Talking about the other powertrain products that Continental is planning to bring to the Indian market, Bigot said, “We have our EFI with bluetooth module that consumes low energy. Any
workshop can deal with that. Our throttle body (M3C) Engine Control Unit is for one-and two-cylinders, 4 stroke engines up to 1,000cc in medium-to-high end motorcycles and scooters. It is a cost effective and robust solution to enhance engine and vehicle functions, to meet exhaust emission regulations and engine performance targets for medium size engines, as well as improving start-ability and overall performance over a wide range of environmental conditions.”
The throttle body is integrated with fuel injector, temperature and pressure sensor, as well as stepper motor, which leads to reduced components, simplified mounting, reduced assembly operation, cost optimisation, CAN interface for diagnostics, reprogramming, calibration and development and compatible with automotive standard calibration tool. The company is betting big with its electronic throttle control. Here the throttle body includes a housing defining a throttle bore with a throttle plate in the bore and mounted on a shaft. An electric motor has a pinion gear. A gear assembly includes an intermediate gear and a sector gear and transfers rotational drive from the electric motor to the throttle plate. This throttle control actuator enables torque or load control for gasoline combustion engines and has lightweight construction.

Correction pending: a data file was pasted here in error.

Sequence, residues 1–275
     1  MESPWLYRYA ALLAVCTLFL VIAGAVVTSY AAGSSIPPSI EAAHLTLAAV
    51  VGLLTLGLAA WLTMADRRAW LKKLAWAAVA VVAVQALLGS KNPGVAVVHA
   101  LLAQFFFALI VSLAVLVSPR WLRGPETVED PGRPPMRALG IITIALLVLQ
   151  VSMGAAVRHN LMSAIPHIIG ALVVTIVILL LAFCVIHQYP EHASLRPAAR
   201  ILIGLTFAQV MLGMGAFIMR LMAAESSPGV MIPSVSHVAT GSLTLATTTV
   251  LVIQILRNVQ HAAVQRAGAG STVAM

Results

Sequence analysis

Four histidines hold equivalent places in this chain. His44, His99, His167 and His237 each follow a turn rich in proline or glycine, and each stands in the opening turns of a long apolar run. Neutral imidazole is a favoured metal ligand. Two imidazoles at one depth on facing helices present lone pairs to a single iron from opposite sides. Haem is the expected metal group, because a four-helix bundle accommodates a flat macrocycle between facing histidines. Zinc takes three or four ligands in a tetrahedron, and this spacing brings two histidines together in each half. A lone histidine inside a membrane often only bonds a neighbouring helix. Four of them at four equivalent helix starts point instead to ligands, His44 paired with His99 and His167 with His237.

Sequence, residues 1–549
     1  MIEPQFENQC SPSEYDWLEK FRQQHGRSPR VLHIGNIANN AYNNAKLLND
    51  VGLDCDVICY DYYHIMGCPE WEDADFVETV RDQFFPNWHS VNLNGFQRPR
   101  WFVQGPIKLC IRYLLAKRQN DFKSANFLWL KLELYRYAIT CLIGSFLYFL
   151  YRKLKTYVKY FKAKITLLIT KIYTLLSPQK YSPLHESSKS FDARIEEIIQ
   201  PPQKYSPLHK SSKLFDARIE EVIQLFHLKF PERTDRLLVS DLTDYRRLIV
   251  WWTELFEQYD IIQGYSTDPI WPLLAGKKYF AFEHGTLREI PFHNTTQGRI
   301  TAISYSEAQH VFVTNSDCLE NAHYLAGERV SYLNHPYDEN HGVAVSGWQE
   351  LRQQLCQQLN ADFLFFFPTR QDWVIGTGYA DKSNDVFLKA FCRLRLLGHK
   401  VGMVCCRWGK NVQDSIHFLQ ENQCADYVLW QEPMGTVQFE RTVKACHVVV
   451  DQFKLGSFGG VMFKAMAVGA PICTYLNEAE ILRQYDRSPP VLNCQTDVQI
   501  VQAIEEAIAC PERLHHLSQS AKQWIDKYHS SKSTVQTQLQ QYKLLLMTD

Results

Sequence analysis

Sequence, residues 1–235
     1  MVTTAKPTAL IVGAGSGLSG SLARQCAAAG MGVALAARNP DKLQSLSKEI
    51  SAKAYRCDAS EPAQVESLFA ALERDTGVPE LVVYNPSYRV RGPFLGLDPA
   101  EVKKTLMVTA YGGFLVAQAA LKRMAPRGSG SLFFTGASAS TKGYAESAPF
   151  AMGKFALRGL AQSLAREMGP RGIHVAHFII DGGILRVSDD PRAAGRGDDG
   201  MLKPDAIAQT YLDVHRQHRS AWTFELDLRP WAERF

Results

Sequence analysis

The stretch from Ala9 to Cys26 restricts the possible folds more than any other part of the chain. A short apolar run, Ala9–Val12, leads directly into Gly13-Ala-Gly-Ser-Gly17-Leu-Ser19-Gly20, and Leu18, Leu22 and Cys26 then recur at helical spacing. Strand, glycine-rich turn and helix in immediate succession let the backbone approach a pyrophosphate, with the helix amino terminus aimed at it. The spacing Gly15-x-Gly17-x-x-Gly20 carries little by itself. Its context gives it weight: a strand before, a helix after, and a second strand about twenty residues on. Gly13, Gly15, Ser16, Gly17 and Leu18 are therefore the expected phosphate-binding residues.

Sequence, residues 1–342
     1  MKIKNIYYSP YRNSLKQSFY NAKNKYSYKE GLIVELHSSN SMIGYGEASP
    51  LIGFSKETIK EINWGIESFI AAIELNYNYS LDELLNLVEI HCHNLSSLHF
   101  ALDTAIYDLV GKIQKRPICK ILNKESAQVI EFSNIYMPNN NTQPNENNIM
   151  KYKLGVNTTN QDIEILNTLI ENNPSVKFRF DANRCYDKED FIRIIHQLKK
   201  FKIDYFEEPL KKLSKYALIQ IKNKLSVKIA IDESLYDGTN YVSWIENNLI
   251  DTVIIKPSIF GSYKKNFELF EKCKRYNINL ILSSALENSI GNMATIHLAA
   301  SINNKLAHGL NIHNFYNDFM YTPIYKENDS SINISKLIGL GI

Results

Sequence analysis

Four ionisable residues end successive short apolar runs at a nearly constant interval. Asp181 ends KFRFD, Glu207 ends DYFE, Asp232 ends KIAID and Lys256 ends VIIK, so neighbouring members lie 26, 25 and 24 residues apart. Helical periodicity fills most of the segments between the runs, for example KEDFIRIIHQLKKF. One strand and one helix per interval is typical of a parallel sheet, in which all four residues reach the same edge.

Air Module Engine Control Unit
Continental is also ready with its M4L air module engine control unit. It is specifically built for two-wheelers, is a cost-effective solution that meets exhaust emission regulations (BS IV and VI with OBD 1), and engine performance targets. Bigot said, “The fourth-generation M4L improves startability and overall performance over a wide range of environmental conditions. The simple yet flexible package is suitable for all four-stroke, single-cylinder, small displacement engines ranging from 50cc to 180cc. M4L ECU for two-wheelers is smaller in size by almost 60% of its previous generation. It is also lower in costs. The number of connectors involved in the unit has also been reduced in the latest generation, and it now comes integrated with throttle position sensor. This can be implemented without making any major changes to the engine. It was first developed by our team based in France.”
With the air module engine control unit, Continental has developed control engineering that is modular in design with minimal weight and the smallest measurements and is found in many engine designs for a variety of manufacturers. This system, in a variety of configurations, also meets the requirements of the global market. For example, motorcycles with up to 250cc cylinder capacity already meet the requirements of emission standard that is expected by 2020 with the ‘M4L’ version. All Continental components for modern engine management can be individually configured due to their modular design. The components can be integrated into engines from different performance ranges, which help to react quickly and flexibly to the provisions of global markets and specific requirements of customers worldwide.
Continental’s 48V eScooter motor
Electronic throttle control
Franck Bigot, Business Development & Strategy, Continental Automotive GmbH